The airport I fly in and out of is modernizing. The whole terminal is being overhauled, upgraded and revamped. It’s all fine with me, except for the fact that they’re now going to have what are called “jetways” for boarding the plane which are familiar to most everyone – they’re the walkways which allow one to walk directly onto the plane. These have taken the place of the set of steps called variously “moving stairs” or “sky stairs.”
I welcome most forms of progress. I’m glad for answering machines, call forwarding, multi-disc CD players, and e-mail. But I need to mourn the passing of the moving stairs from the Albany Airport. As far as I’m concerned, part of the deal with buying my ticket is being able to walk outside, see the big shiny beast and climb the stairway to that open door. This is the vehicle that’s going to transport me – let me see it. When I order wine, the bottle is brought to me for my inspection – show me the bottle, show me the plane. I’
m not really inspecting it, I just want to marvel at the ingenuity of my species having created this giant metal bird – many tons, to be piloted through the lower atmosphere.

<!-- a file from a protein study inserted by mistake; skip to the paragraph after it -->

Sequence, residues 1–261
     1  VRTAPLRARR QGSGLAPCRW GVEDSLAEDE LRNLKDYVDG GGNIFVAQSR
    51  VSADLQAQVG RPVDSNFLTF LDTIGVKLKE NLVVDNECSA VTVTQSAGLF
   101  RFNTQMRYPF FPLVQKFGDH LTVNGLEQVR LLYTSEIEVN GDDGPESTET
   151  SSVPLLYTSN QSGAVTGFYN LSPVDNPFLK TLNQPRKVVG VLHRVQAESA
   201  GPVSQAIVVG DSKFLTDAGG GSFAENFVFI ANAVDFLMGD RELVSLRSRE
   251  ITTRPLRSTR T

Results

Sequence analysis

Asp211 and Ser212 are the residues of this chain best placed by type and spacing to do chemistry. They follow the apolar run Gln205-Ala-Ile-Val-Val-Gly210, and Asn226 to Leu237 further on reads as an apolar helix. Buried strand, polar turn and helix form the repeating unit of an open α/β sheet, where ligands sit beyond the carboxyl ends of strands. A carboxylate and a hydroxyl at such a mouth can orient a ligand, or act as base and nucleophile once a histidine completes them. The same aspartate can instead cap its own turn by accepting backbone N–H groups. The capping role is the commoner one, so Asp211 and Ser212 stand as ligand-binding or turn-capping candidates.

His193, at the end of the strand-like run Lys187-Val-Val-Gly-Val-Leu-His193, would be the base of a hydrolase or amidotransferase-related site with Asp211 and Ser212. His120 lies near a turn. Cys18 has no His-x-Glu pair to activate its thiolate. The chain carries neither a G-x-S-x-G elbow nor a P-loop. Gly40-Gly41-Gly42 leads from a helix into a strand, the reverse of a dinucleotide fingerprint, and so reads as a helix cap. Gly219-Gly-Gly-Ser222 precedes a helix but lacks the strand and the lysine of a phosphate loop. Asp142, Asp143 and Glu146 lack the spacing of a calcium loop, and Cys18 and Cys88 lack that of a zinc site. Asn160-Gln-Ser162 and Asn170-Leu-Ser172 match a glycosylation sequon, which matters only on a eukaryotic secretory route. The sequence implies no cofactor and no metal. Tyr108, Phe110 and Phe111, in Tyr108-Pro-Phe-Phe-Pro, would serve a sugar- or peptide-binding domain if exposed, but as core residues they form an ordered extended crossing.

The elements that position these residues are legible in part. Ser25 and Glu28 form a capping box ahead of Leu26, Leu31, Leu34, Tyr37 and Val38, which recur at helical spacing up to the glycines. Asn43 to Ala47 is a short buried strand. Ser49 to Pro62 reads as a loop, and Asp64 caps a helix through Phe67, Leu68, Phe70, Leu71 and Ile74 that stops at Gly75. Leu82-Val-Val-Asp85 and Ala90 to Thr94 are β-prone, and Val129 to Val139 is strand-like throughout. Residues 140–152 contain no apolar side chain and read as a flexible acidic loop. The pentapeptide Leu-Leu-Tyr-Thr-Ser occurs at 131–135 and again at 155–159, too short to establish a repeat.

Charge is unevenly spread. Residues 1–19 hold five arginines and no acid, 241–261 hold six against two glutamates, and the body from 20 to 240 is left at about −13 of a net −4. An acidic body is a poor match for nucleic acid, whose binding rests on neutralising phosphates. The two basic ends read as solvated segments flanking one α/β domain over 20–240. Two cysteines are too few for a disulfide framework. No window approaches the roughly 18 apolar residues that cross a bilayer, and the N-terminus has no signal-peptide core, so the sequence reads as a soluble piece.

Those steps. Walking up the steps is full of anticipation and amazement, walking down them is my triumphant arrival. I think of all the photo-op landings on the tarmac – politicians, walking down the steps to a red carpet and a national band. The Beatles waving from the top of the stairs when they first touched down in America.
Words like “comfort” and “ease” are bandied about when the discussion turns towards the efficient moving of hundreds of people on and off of planes. With the advent of the “jetways” there are not a lot of differences between the clean, institutional decor of the airport, the walkway and the plane. My wife pointed out that sometimes it’s cold or raining when the plane lands in Albany. That’s never been a problem for me. In fact, after a few hours in the canned and recycled atmosphere of the plane, any sort of open air is welcome – and the more bracing the better. If it’s raining, there are friendly attendants handing out umbrellas with the logo of their airline emblazoned on it – a loaner to use to traverse the thirty yards from plane to gate. Wind, cold, snow – it only makes the stepping inside of the airport all the more welcome.
The only thing I do like about the jetways are the daydreaming they allow me. As I do often in various public structures – banks, restaurants, etc – my thoughts take up the challenge of what could I do with this building if it were mine. The jetways would make some fine tentacles snaking out from my house. They aren’t really a building, but they have lots of wall space and could be lined with bookshelves or framed works of art. Out-of-town guests would wander through my motley, free-ranging collections displayed proudly in these so-called jetways. After their visit I’d drive them to the airport. And, since this is my daydream, just before disappearing into the plane, they’d wave to me from the top of the moving stairs.
– David Greenberger
(aired on NPR’s All Things Considered, 18 April 1997)